Our next question is from Vikram Malhotra with Mizuho. Please proceed with your question.
Thanks for taking the question. Just maybe first one to clarify the -- your comments on sort of where the coverage -- the dividend coverage will end up at towards year-end. I think you said sub-100% towards 90%. Does that include income from acquisitions you've made, including sort of loan interest income coming through, but does it also bake in any incremental investment activity through year-end?
Well, based on my comments Vikram, it's all the transitions that we've talked about and no, I'm not building in any of the pipeline to get below the 100%.
Okay. But it would include like whatever you've announced in terms of deals as well as loan?
Yes, it includes all new investments completed to date that were in the press release.
Got it. Okay. And then just on the -- you talked about broadly bottoming trends, optimistic on, hopefully, the minimum staffing is phased, in Texas as well. Is there a scenario -- I mean, I know the environment stuff every asset plus cap rates moving there, but SNF cap rates have probably remained very steady for several years now?
So, I'm wondering, either on a per bed basis or a cap rate basis, is there a scenario where you could actually see values go up or cap rates go down over the next 12 months in for SNFs?
I do not see that scenario. I see cap rates going up.
And what would you -- if you were to venture say, for skilled nursing today where cap rates are and -- or where per bed values are, what would that change be broadly over the next 6 to 12 months?
That's a tough to predict. I can just tell you what we're quoting today, which is north of nine. Per bed value is very dramatically by state. So it's hard to quote per bed value in any given across the board, it would be an average that really would be meaningless.
Okay. Thanks so much.
Our next question is from Tayo Okusanya with Credit Suisse. Please proceed with your question.
Good morning, Tayo. Where you on mute? Listening you now.
Okay, perfect. Excellent. So two quick ones from me. Megan again, thank you for all the details around the reimbursement at the state level. One of your peers did mention some challenges that they had with Michigan during that quarter. It's one of your top five states. Could you just talk to what you're seeing in that data as it pertains to reimbursement, and the impact on any of your operators that have exposure to that state?
Michigan from a rate setting perspective hasn't been too bad, and we're hoping for a moderate to good rate increase this year. There is should have been more delayed payments related to those increases, which does put a strain on operators. But thankfully, our one operator that's material is Michigan, and they are exposed to also Ohio, North Carolina, Virginia, which are all very strong states right now. So not too concerning from that perspective. But again, Michigan, I think it's just a catch-up of the stuff that they need today.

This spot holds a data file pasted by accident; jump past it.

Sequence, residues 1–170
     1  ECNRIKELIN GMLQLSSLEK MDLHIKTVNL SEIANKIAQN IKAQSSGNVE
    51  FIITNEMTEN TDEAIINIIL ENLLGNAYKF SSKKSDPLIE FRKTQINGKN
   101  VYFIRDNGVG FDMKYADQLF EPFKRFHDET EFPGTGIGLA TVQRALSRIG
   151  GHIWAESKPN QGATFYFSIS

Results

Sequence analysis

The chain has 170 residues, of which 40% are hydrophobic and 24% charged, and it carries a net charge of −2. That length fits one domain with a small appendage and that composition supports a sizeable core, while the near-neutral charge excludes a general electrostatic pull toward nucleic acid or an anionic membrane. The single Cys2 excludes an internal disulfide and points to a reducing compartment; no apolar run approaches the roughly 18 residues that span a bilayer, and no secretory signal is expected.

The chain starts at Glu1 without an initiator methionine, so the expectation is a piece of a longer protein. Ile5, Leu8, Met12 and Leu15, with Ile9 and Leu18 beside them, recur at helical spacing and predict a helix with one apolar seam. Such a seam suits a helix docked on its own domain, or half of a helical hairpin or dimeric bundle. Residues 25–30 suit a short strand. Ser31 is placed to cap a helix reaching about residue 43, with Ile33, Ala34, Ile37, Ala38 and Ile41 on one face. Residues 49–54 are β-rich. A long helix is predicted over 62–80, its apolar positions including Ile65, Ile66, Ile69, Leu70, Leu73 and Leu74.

Got you. Okay. That's helpful. And then in regards to the investment pipeline, again, some of your peers that are heavily in the skilled nursing space have pivoted over to investing in behavioral health. Again, the argument there is a fast-growing sector. You're still getting SNF like cap rates, you may not have the same type of reimbursement risks on the behavioral health side. Just curious what your thoughts are on that space and if it's something that Omega would look at actively as another asset class to invest in?
It's an interesting space. It -- you have a couple of different models, Tayo, that we're involved in. You have substance use disorder. You have geriatric psych and you have general psych. We have investments in geriatric psych and substance use disorder. We do not have a behavioral specific operator, but we have a handful of SNF operators that are in that space. So we understand it. We look at it.
Right now, we think with existing operators, we're seeing so much opportunity and they will lever into their credits is a better allocation of capital for us than looking at new behavioral type operators. So good space, but not a priority for us today.
Got you. Okay. Thank you.
[Operator Instructions] There are no further questions at this time. I'd like to turn the floor back over to Taylor Pickett for closing comments.
Thanks, Rob. Thanks everyone for joining us today. As always, the team will be prepared to respond to any of your questions. Have a great day.
This concludes today's teleconference. You may disconnect your lines at this time and we thank you for your participation.